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Quality Issues Raise Crop Insurance Questions

Producers in some areas have experienced a perfect storm in weather in 2018. After a delayed growing season, crops caught up and matured ahead of normal, only to have rain delay harvest. That opened the door to quality problems ranging from soybean pod shattering to mycotoxin contamination.

In fact, USDA’s Crop Progress report this week shows harvest in the 18 states behind average for all crops, and Kansas is among those with crops still in the field:

Corn remaining (%)

 

Corn
5-year average remaining
Soybeans remaining (%) Soybeans
5-year average remaining
Sorghum remaining (%) Sorghum 5-year average remaining Sunflower remaining (%) Sunflower 5-year average remaining
Kansas 11 5 26 10 38 20 37 8
Reporting states  

16

 

13

 

12

 

7

 

27

 

16

 

39

 

25

 

More than a quarter of the beans in Kansas are still in the field, according to USDA’s count. “We were hearing reports of quality problems,” said Ruth Compton, crop insurance officer in Hiawatha. “I don’t believe it’s been a huge problem but with a lot of soybeans still in the field, there is a continued concern.”

Different situations

The crop insurance claim process differs depending on the situation. For instance, if a field is flooded and has standing water, you are not allowed to harvest for food use. You have the option to sell to a salvage buyer if you can find one who will take your production or you can destroy the crop and take a zero on your Actual Production History (APH). If you have a quality issue that your elevator discounts less than 8 percent, it doesn’t support a claim.

And, although the price drop from the spring guarantee of $10.16 to the harvest price of $8.61 appears large, in almost all cases, it would not produce a claim on its own, depending on the yield. The table below illustrates the yield needed to trigger a claim given various revenue guarantees. The October average falls between the $8.65 and $8.66 rows in the table.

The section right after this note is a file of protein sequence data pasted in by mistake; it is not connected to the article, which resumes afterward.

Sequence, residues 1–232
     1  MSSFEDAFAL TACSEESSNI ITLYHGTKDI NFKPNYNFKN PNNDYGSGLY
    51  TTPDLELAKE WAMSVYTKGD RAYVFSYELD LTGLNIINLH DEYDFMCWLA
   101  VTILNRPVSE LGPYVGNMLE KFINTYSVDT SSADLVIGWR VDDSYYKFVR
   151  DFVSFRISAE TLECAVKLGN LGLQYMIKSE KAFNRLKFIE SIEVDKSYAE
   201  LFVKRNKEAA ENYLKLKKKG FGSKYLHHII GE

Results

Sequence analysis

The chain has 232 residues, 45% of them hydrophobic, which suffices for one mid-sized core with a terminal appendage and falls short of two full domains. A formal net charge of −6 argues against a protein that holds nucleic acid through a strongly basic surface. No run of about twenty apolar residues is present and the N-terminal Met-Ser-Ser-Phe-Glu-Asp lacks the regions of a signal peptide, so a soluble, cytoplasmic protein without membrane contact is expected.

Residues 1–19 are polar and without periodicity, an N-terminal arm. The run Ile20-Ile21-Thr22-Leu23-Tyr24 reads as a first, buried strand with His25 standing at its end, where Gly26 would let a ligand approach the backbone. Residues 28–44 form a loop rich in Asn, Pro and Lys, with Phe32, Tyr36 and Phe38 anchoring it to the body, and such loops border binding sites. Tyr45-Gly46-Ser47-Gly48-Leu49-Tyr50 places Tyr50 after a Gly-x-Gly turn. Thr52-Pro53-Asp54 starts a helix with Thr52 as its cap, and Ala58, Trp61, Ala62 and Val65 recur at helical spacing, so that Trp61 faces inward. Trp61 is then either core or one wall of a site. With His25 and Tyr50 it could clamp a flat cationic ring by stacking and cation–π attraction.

revenue guarantee table

revenue guarantee table

In all cases, you need to weigh the impact on APH against the amount a claim might be worth. Your Frontier Farm Credit insurance offer can help identify the avenues you can use to ensure the impact on your APH is minimized.

A bigger question this year may be the effect on your Market Facilitation Program (MFP) payment. That is paid strictly on the bushels produced. The first of two possible payments is $1.65 on half your production. So the question is: Is it better to combine the crop to collect the 82 cents, plus a likely additional payment, or save the cost of combining and file a claim?

Your Frontier Farm Credit insurance team can help you make that determination – and guide you through the claims process when quality is at issue.

For those who want to review before proceeding, click to view the USDA/Risk Management Agency fact sheet on Soybean Kernel Damage Quality Adjustment Procedure.

Winter wheat

Winter wheat planting also is a bit behind average, with 90 percent completed in Kansas, 8 points behind usual. 77 percent has emerged, well behind the 89 percent average. As of Nov. 11, USDA rates 44 percent of the crop good/excellent, compared with 54 percent in the 18 reporting states. Fourteen percent is poor/very poor in Kansas while 12 percent falls in those categories in the 18 states, headed up by Oklahoma, Oregon and Texas.

Image: Purple seed staining of soybean in south central Nebraska. Photo courtesy of Jennifer Rees, UNL CropWatch

Corn now a week ahead; soybeans slightly less advanced

Corn harvest jumped 10 points to 26 percent in the final week of September. This is well ahead of the 17 percent average for the 18 reporting states. Eighty six percent of the crop is mature, 15 points ahead of average, so combines will continue roll, weather permitting.

Harvest in our territory also continues to run ahead of average, despite a lack of suitable field days in many areas.

State Percent Harvested 9/23 9/30 Average
Iowa 5 11 6
Kansas 30 47 39
Nebraska 43 65 42
South Dakota 5 11 7